How to Calculate the Value of Big Data in a Manufacturing Environment

Now that the connection between managing data and higher performance has taken hold in leading organizations, businesses are looking into how to measure the effectiveness of their Big Data strategies.

According to a March 2013 study from the Aberdeen Group, top performers are building up their Big Data and advanced analytics activities as a priority to help them take control of manufacturing complexity. Managers have built their data capabilities as an integral part of corporate strategy because Big Data aggregates operational knowledge that can scale from individual departments to company-wide initiatives.

"Earlier we were dealing with the idea of whether Big Data is a challenge or an opportunity," Mariela Koenig, a research director from Aberdeen Group, told IMT. "Now we are thinking about how we can take advantage of these new technologies to improve the way we work."

One way manufacturers are sensing the value of Big Data is the response time: time to action, time to value, or time to decisions. Managers are able to trust the fact-based actions of their employees.

Gloria Rios-Monarrez, a quality engineer from Enterasys Networks, told IMT that until three years ago, "the data from suppliers was coming piecemeal and only for the few key parts about which I was asking -- that was all I could manage."

Enterasys Networks is located in Salem, N.H., and outsources 100 percent of its manufacturing of security, networking, and Wi-Fi communications products, hence its need for data transparency and rationalization.

Enterasys implemented a Big Data cloud technology system that provided cradle-to-grave information integrating all its suppliers, parts, and in-process data.

"This system gave us the support to make proactive, not reactive decisions," said Rios-Monarrez. The company also utilized a product calibration and management tool for rapid actionable communications throughout the company. "We are able to prevent issues before going out to customers. We are able to monitor production and prevent re-work in the assembly process," she noted.

Rios-Monarrez said customer satisfaction rose over the past three years from 70 percent to 97.5 percent and revenue has grown steadily for the last eight of nine quarters.

In February, Forbes cited a Nucleus Research study showing that a 241 percent ROI can be generated by applying data to business decisions. But businesses are not advised to dive in too quickly. "Getting started with big data requires baby steps. The process of data collection, analysis, and application to business decisions is not a sprint; it's a marathon," reported Forbes.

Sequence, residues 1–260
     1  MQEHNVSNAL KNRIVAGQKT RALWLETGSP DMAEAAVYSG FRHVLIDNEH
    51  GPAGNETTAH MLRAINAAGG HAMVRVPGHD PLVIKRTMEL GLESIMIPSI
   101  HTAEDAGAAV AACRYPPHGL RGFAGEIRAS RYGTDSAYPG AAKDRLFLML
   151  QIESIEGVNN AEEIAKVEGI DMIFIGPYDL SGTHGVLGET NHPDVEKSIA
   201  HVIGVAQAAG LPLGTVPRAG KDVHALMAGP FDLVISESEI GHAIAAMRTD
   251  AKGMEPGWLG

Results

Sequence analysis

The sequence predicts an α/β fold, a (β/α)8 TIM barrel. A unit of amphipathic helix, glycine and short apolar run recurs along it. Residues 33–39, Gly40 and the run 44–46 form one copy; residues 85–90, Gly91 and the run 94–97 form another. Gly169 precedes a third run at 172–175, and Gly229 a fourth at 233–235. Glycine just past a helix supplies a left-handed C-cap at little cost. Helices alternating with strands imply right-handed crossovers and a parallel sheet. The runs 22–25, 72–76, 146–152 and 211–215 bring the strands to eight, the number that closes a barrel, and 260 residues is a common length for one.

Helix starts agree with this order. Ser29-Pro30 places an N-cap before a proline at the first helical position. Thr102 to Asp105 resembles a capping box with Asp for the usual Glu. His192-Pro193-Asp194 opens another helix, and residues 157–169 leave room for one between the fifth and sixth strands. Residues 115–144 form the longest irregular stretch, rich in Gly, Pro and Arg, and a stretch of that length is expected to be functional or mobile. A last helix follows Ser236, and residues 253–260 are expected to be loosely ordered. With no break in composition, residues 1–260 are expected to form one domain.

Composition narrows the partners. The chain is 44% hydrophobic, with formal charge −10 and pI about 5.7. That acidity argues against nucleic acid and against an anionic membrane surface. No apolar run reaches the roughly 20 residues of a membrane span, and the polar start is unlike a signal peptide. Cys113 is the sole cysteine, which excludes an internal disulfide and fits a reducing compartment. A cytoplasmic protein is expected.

Manufacturers know that not everybody in their organizations speaks numbers. So it is really important to them that the data is synthesized, distributed, and digested in ways that can produce value for both executives and operators.

"When we talk about data, we are not just talking about numbers anymore," said Koenig. "We're talking about training materials, practical experiences, exchanges between technicians and managers on instant messaging, videos -- content management and tools that have content reach."

The data has to find the right users. Problem-solving is a high priority, so Big Data solutions providers are adding analytics tools targeted for specific areas. Structured and unstructured data can be mixed with different kinds of data and scaled from the individual to company-wide, depending on the problem that is trying to be solved.

If performance is the goal, for example, the system might provide information via dashboards. Other applications might include supplier assessments, such as scorecards evaluating preparedness for a new product launch or to brace for new regulations.

Big Data systems are also multipurpose. Over the past couple of years, collaborative enterprise or cross-functional electronic exchanges are being employed. Searches across functions like safety, quality, and supply chain management, make it easier to distribute and propagate information across an operation.

Manufacturers are also taking advantage of Big Data in order to predict and adjust to change. These could be changes in the economy, technology, customer behavior, or regulations. In all cases, the data allows them to adapt more quickly.

Another handy area is behavioral analysis. Manufactures have been applying this approach to process controls and automation in their production environments. The goal might entail characterizing a quality, safety, sustainability, or productivity behavior to gain an understanding of how it might be improved.

Still, manufacturers are pragmatic and fast learners. Once they understand that Big Data can solve a specific problem, they seize the opportunity to implement it.


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